Failing to provide a high-quality music education should have an “adverse impact” on a school’s Ofsted rating, an influential parliamentary committee has said.
The all-party parliamentary group for music education said inspectors should “make it clear” that delivering only the academic subjects prescribed under EBacc will affect schools’ inspection outcomes.
The cross-party group of MPs and peers also called for a “culture of singing” to be encouraged in all schools, and said the government should include a “sixth pillar” in the EBacc, requiring pupils to take at least one creative subject.
Department for Education statistics show a 17 per cent drop in the number of entries to GCSE music since 2014. At the same time, the number of secondary music teachers in schools has fallen by 1,000.
Ofsted should make it clear that delivering only the narrow curriculum prescribed by the EBacc will have an adverse impact on inspections
The APPG’s report, which is backed by the Incorporated Society of Musicians and University of Sussex, also urges the government to be clearer about the responsibilities of its music hubs, and find “more effective ways” of measuring their impact.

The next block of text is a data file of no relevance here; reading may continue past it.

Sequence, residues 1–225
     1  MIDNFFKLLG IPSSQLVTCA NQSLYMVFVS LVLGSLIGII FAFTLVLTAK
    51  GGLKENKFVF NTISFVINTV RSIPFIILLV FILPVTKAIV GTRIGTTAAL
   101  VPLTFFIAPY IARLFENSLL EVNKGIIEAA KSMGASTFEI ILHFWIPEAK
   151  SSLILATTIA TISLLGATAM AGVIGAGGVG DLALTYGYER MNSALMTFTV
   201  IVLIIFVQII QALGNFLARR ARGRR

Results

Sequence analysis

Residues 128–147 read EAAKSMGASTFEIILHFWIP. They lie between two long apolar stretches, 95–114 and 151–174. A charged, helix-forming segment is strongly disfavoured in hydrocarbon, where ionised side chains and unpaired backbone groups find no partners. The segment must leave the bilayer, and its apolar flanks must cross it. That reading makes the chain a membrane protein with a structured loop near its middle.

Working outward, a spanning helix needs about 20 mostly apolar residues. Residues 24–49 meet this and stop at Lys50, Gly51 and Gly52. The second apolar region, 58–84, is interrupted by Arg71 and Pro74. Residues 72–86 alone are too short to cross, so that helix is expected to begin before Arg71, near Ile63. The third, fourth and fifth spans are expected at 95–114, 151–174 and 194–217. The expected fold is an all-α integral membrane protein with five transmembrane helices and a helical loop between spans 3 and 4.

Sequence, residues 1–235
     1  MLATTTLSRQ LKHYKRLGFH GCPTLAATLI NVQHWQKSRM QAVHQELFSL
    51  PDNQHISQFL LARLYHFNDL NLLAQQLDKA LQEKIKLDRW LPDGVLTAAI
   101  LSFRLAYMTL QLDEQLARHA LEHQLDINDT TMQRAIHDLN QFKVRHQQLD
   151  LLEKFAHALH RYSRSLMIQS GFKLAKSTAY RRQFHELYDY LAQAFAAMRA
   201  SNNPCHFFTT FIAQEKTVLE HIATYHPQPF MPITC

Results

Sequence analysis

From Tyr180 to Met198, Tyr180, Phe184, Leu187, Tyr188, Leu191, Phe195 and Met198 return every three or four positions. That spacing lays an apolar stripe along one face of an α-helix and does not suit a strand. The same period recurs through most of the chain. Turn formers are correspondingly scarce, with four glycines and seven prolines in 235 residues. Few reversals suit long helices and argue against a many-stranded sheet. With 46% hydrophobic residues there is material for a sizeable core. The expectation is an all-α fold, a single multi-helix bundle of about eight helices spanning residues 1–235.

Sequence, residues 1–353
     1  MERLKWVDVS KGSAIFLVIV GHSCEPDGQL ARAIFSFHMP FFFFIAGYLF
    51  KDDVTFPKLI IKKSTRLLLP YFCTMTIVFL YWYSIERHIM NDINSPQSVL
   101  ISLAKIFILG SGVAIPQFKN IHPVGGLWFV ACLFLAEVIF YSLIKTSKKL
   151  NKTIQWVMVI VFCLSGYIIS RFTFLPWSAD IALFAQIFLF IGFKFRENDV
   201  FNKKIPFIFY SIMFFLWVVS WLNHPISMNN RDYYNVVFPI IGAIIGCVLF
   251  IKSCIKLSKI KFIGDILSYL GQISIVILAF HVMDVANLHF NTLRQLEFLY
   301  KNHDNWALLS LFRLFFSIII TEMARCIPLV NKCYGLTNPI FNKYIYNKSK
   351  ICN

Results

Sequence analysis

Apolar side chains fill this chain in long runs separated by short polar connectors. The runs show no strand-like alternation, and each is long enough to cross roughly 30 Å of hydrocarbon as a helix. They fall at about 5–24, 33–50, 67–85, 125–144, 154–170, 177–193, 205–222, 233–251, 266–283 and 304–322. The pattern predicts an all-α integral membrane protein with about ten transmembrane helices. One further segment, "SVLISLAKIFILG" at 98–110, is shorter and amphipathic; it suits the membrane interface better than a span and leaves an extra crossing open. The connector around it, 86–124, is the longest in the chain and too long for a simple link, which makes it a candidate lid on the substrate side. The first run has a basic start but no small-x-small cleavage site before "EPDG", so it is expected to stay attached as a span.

If comes after the government appointed an expert panel to develop a model music curriculum for schools, amid concerns that access to a good music education has become patchy.
The new report blasts the impact of the EBacc, a GCSE accountability measure focused on five “core” academic subjects, on the status of music in school curriculums, and makes a number of recommendations, particularly for Ofsted.
The inspectorate’s draft inspection framework, which is out for consultation, states Ofsted will be checking what schools are doing to “prepare” to meet the government’s goal for 75 per cent of pupils to sit the EBacc suite of subjects by 2022. Ministers want 90 per cent of pupils to sit the subjects by 2025.
The IPPG report urged Ofsted to “drop” that proposal, warning the “failing” EBacc policy is causing “untold damage” to music and other creative subjects in schools.
Instead, the inspectorate should mark schools down for having too narrow a focus on the EBacc, and look for evidence of “sustained and high-quality” music learning at all key stages.
The government should also give its music hubs – set up to spread best practice in music teaching – clearer responsibilities, the report said, arguing that the way the impact of music hubs is measured should be changed to focus on quality of work rather than basic levels of activity.
Schools Week has previously revealed huge regional variations in the coverage of the government’s music hubs programme.
The report also recommended that secondary music be considered a shortage subject eligible for financial incentives, such as bursaries, to attract high-quality teachers.
Primary trainees and newly qualified teachers must also have access to high-quality training on how to teach the music curriculum, it said.
The Department for Education was approached for comment.